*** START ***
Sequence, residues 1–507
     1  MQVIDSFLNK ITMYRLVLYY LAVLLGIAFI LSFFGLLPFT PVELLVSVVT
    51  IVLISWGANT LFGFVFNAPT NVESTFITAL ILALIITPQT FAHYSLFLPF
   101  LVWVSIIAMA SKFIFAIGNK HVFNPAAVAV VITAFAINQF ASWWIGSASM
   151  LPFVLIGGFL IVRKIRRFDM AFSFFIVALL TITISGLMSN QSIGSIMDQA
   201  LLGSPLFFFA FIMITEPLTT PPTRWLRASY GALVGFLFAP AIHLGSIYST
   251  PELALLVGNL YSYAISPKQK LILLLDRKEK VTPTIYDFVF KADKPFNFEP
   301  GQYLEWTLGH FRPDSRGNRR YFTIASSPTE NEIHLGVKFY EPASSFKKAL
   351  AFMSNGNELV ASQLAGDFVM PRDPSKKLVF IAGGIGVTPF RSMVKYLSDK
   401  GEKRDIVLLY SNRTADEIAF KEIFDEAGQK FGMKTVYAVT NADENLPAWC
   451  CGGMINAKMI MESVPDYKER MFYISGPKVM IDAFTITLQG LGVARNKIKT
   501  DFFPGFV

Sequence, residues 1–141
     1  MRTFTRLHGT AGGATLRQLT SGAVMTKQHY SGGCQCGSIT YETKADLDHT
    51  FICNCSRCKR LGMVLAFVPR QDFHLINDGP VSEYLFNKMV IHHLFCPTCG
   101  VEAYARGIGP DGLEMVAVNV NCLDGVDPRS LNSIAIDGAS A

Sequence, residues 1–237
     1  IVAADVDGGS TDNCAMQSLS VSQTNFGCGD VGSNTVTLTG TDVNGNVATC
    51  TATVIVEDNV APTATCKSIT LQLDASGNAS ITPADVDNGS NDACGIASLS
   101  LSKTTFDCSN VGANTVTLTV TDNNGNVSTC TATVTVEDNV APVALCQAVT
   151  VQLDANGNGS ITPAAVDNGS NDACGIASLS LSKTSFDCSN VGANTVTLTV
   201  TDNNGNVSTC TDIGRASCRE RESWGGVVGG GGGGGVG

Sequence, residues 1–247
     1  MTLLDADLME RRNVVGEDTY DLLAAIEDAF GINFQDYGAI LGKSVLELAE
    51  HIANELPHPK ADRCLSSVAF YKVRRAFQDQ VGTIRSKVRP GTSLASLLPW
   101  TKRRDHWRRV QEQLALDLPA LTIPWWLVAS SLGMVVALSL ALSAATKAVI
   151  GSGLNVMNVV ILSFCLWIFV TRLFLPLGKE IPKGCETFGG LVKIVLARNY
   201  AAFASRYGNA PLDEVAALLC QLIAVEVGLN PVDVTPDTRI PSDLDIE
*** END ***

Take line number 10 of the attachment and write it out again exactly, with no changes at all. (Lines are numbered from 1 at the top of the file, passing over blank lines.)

   401  GEKRDIVLLY SNRTADEIAF KEIFDEAGQK FGMKTVYAVT NADENLPAWC